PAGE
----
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Grasmere in general
Member Name: yabbadabbadoo
Grasmere in general
Date: 10/11/08, updated on 24/02/11 (410 review reads)
Advantages: Picturesque village, heart of the Lakes
Disadvantages: Slim chance of wandering lonely as a crowd in peak season
The beautiful village of Grasmere situated in the heart of the English Lake District will of course be forever associated with the great poet William Wordsworth 1770-1850 who lived here at Dove Cottage for a period of 8 years at the peak of his writing powers, during which time he penned his most famous piece, the beautiful and evocative "I wandered lonely as a cloud".
All quite familiar I hear you cry, but I'm pretty sure you didn't know that Grasmere is in fact the very place that inspired children's TV icon Postman Pat's home village of Greendale!
So with that revelation still fresh in the mind, please allow me the pleasure of taking you on a small journey of discovery around some of the other delights of what in my view, can only be described as a truly picturesque and surprisingly unspoilt village, which serves as a perfect base for holidaying in the Lakes.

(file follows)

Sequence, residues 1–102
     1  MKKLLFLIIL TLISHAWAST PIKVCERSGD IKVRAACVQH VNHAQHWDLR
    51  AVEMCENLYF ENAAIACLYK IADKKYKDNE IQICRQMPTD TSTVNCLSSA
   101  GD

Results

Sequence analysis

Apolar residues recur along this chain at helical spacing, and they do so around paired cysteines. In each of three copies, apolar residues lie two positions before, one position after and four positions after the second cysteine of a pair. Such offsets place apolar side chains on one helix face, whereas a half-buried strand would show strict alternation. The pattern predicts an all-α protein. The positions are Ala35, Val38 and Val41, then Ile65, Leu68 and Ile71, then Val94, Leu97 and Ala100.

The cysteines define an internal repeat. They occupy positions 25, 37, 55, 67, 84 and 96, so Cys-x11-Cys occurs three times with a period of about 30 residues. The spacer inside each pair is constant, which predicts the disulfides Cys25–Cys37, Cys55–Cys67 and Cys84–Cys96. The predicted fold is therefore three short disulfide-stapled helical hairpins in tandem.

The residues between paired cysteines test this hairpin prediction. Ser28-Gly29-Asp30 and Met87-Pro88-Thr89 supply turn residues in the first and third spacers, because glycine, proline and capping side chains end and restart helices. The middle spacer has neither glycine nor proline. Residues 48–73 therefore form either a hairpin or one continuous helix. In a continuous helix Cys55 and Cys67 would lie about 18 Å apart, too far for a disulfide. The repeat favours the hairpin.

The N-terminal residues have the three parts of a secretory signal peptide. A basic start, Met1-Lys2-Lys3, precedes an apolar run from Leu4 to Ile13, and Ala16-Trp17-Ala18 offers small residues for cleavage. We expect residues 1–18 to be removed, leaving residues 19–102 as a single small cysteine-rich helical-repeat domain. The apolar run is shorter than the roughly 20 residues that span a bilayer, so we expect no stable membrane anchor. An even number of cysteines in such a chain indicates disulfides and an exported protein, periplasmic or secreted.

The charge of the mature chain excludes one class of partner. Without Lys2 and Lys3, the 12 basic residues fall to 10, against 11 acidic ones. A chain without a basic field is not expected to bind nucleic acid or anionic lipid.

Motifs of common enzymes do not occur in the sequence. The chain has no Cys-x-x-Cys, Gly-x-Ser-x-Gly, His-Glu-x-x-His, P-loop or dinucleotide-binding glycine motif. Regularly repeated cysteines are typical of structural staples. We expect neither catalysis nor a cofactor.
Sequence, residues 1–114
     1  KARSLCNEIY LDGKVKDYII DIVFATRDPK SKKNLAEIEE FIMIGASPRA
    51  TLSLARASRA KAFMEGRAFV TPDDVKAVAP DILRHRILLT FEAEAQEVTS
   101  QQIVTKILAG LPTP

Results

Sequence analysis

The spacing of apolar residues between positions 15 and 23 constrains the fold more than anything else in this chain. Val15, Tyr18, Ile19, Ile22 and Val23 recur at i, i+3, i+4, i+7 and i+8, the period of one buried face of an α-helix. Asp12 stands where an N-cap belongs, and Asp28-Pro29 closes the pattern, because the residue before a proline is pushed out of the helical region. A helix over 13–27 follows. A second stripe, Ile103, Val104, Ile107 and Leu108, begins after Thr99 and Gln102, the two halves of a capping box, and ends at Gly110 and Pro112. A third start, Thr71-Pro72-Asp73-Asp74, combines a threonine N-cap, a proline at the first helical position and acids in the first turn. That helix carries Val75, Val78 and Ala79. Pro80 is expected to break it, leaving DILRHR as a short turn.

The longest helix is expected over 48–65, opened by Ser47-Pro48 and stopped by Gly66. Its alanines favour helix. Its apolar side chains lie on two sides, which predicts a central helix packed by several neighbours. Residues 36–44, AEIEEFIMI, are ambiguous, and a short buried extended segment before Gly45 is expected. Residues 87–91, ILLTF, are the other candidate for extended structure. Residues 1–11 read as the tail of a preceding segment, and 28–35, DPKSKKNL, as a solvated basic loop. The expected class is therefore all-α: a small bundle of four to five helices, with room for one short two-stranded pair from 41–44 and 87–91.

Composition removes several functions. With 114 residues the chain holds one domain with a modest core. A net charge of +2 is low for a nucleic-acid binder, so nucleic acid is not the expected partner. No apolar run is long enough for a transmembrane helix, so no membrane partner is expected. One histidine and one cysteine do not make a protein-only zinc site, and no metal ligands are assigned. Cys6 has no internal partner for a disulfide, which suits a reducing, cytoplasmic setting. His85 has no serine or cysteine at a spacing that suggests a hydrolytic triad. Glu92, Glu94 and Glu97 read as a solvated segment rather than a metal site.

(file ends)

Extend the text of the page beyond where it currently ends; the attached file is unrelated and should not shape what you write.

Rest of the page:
So let's start with the Lake itself, Grasmere, which is around a mile and a half in circumference, and is owned and the paths around it fully maintained by the National Trust. For those of you traveling by car, follow the sign to the main village off a mini-roundabout on the A591, into Stock Lane where within a few hundred yards there is a large public car park on the right.
The Lake is right opposite the Car Park, and I would highly recommend starting your visit with a gentle stroll clockwise along the paths leading from the car-park all the way around this beautiful, enchantingly undisturbed stretch of water.
Described by the great man himself (no not Pat!!) as "The most loveliest spot that man hath found", it certainly doesn't disappoint, but for me as a huge fan of a Lakeland cream tea, the real beauty lies in the wide selection of enticing tea rooms that lie in wait at the end of the journey!